Bennett accuses opposition of ‘petty politics’ as Citizenship Law falls

Yamina denounced the Likud and Religious Zionist Parties as ‘post-Zionist’ for toppling law with security implications; Likud claims the law would endanger the ‘Zionist character of the state.'

Prime Minister Naftali Bennett and Foreign Minister Yair Lapid with Interior Minister Ayelet Shaked, Transport Minister Merav Michaeli, and Yamina MK Idit Silman ahead of the Citizenship Law vote, July 6, 2021 (photo credit: YONATAN SINDEL/FLASH 90)
Prime Minister Naftali Bennett and Foreign Minister Yair Lapid with Interior Minister Ayelet Shaked, Transport Minister Merav Michaeli, and Yamina MK Idit Silman ahead of the Citizenship Law vote, July 6, 2021
(photo credit: YONATAN SINDEL/FLASH 90)
In a powerful blow to the new government, the contentious citizenship law was narrowly defeated early Tuesday morning in the Knesset with 59 MKs voting in favor, and 59 against, meaning the temporary law was not renewed.
Two coalition MKs from Ra’am abstained, according to a deal worked out within the coalition, but rebel Yamina MK Amichai Chikli voted with the opposition without warning his party, toppling the law.
Interior Minister Ayelet Shaked said on Tuesday night in an interview with Channel 12 that she intended to bring the law back for another vote in the coming weeks and said she believed a majority could be secured for it.
The Citizenship and Entry into Israel Law, passed in 2003 as a temporary measure requiring renewal every year, prevents Palestinians who marry Israeli citizens from obtaining citizenship, like other foreign nationals, for reasons of national security, although demographic concerns have also been cited by the law’s proponents.
The vote, which took place in the Knesset plenum shortly before 6:30 a.m., was also made into a vote of confidence in the government by Prime Minister Naftali Bennett as a way of pressuring Meretz and Ra’am, who oppose the law, to vote with the government.
According to Yamina, Chikli said shortly beforehand that he would vote with the coalition, leading the government to believe it had a majority, but said the rebel MK ultimately reneged on his promise and voted with the opposition.
Earlier in the night, a compromise had been reached between Interior Minister Ayelet Shaked, Ra’am and Meretz to extend the law by six months, instead of 12, during which time a committee would have been set up in order to examine more long-term humanitarian solutions.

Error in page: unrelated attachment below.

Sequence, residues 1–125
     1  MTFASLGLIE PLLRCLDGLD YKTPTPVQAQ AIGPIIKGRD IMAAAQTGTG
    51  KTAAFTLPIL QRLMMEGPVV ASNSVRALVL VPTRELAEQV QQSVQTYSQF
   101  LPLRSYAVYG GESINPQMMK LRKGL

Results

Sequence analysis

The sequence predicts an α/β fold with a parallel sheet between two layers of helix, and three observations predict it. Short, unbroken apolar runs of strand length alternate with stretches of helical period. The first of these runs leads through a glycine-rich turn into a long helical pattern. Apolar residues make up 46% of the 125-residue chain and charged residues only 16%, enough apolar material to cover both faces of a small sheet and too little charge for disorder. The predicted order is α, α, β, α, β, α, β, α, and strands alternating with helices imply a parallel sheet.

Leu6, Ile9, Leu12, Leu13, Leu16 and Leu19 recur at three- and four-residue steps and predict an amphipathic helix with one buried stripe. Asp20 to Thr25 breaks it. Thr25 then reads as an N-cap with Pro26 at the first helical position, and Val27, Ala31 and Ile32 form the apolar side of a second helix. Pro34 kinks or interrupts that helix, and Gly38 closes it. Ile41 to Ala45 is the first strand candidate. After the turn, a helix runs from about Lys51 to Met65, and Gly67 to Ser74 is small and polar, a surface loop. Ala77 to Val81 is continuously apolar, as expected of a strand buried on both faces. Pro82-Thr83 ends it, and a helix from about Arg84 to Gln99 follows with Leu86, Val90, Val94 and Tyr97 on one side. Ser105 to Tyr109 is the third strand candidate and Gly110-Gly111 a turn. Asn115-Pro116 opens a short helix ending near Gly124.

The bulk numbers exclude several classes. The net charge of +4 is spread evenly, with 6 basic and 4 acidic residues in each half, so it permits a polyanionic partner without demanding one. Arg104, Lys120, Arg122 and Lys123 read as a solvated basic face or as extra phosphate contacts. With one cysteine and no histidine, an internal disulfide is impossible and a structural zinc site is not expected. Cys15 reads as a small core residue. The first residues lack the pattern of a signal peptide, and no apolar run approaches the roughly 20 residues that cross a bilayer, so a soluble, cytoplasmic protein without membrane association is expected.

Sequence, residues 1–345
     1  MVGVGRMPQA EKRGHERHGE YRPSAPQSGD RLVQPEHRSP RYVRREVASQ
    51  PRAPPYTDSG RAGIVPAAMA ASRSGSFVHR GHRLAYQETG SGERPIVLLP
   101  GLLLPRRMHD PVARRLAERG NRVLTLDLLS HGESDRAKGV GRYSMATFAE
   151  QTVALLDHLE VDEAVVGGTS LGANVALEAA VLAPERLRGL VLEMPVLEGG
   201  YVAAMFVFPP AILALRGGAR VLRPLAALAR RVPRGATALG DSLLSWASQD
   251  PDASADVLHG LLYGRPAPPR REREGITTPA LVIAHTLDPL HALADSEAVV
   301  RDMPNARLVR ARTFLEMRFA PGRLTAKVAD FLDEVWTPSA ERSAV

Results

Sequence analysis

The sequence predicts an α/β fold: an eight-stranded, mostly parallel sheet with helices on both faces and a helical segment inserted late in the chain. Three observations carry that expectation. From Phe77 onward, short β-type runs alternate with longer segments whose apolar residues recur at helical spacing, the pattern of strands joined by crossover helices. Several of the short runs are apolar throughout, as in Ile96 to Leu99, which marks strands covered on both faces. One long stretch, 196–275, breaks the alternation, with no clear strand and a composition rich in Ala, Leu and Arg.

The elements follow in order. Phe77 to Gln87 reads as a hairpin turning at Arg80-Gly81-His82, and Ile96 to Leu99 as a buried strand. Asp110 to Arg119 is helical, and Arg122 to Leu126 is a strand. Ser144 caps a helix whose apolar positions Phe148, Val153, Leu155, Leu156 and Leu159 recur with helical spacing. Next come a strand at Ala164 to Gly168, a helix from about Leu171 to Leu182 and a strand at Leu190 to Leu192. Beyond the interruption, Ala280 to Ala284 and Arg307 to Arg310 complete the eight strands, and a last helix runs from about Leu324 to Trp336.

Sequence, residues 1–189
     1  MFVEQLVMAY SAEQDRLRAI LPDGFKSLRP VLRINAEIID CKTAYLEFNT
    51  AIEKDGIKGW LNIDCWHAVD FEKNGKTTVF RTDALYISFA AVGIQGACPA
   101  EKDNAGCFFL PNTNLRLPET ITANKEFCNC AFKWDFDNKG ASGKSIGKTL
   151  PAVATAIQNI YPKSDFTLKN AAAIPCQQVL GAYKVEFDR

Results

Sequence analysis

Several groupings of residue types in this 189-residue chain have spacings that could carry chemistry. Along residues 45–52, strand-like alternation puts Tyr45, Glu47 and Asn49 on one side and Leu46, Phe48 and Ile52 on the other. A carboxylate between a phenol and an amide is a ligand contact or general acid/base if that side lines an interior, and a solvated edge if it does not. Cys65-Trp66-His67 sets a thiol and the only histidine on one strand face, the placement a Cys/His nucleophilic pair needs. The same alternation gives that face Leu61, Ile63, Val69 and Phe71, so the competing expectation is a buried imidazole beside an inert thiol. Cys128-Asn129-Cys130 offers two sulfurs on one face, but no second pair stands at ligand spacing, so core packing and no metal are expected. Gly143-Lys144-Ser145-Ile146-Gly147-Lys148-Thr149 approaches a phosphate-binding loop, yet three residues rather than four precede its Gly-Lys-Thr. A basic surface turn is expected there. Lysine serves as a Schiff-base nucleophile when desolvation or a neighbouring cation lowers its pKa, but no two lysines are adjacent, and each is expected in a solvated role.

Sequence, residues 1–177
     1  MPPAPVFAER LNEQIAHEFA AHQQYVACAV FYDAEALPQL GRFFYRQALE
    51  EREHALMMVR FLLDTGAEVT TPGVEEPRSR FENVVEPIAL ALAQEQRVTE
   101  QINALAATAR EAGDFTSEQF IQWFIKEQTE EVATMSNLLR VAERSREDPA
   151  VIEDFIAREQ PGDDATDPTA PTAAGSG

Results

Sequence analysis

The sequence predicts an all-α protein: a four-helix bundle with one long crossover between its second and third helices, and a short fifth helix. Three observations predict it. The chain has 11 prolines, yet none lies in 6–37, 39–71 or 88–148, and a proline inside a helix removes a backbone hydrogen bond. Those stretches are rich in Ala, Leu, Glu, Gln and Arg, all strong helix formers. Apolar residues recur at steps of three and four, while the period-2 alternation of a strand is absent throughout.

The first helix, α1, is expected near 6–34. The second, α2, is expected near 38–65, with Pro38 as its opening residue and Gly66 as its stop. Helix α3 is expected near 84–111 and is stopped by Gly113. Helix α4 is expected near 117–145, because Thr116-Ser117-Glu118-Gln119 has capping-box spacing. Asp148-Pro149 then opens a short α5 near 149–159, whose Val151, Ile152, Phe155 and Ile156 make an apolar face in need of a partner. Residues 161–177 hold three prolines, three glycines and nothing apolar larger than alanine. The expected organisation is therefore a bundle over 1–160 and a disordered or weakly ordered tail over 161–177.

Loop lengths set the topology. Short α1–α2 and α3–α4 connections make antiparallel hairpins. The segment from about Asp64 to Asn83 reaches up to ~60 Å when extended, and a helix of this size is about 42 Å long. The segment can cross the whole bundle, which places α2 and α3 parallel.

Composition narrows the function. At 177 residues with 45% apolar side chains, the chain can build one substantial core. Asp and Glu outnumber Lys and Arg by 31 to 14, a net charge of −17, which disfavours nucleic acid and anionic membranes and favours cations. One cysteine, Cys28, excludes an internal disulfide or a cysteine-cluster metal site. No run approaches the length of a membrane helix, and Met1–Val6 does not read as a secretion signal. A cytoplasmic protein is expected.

Additionally, 1,600 Palestinians living in Israel would be granted residency rights as a part of the compromise, after being examined on a case by case basis.
Under the compromise, Ra’am leader MK Mansour Abbas and his fellow MK Waleed Taha voted in favor of the law, while their party colleagues MKs Saeed Alharomi and Mazen Ghanaim were allowed to abstain.
 
All MKs from Likud, the Religious Zionist Party, United Torah Judaism and Shas – save one – together with the Joint List of Arab parties, voted against the law, along with Chikli, toppling the measure. Later on Tuesday, Bennett condemned the opposition for failing to vote for the law.
“The opposition dealt a premeditated blow to the security of the state last night out of bitterness and frustration and harmed the good of the country,” alleged the prime minister.
“Everyone who voted against the Citizenship Law, from Bibi, through to Tibi, and onto Chikli, chose petty politics over the good of Israeli citizens, and they will need to give an accounting for their actions.”
Shaked also denounced the Likud for having toppled the law, which Israel’s security establishment considers important for national security.
“Anyone who did not see the jubilation of Likud and Religious Zionist members with [MKs] Ofer Cassif and Sami Abu Shehadeh has never seen real madness in their life,” Shaked tweeted, and posted a picture of Joint List MKs posing for a picture giving victory salutes after the law fell.
“Together they defeated the citizenship law, an important law for the security and character of the country,” adding sarcastically that it was “a great victory for post-Zionism,” in reference to the designation the Likud and Religious Zionist Party have given the new government.
The Likud rejected the government’s accusations, saying the proposed law was “a corrupt deal stitched together in the dark of night between Bennett, Lapid, Ra’am and Meretz by the first Israeli-Palestinian government, and it disintegrated thanks to the determined struggle that the opposition conducted, led by Netanyahu.” The Likud said that the proposed law would have allowed “thousands of people” to enter Israel “putting in danger the Zionist identity and security of the “State of Israel.”
And Chikli for his part also rejected Bennett’s accusations, including a suggestion that the MK was “confused,” tweeting later in the day: “Dear Naftali, your navigation is off, but it is still not too late to choose a new direction and act to establish a nationalist government exactly as you promised.”
Religious Zionist Party leader Bezalel Smotrich rebuked Shaked’s decision from the Knesset podium, saying “how did your hand not shake when you signed the agreement? Where is your shame,” and called her a “rag” to boot.
Following the vote, Smotrich said Bennett and Shaked had “sold out the State of Israel,” and added that “In order to buy Abbas’s vote, Ayelet Shaked agreed to grant Palestinians ‘the right of return’ in installments, and castrated the temporary [citizenship] law which was anyway full of holes.”
He added that the coalition had refused to negotiate on the opposition’s proposal for a Basic Law of Immigration which would offer a permanent, and more far-reaching, solution to the issue.
“The government preferred to come to dangerous agreements with terror supporters,” Smotrich alleged in reference to the compromise worked out between Shaked and Abbas.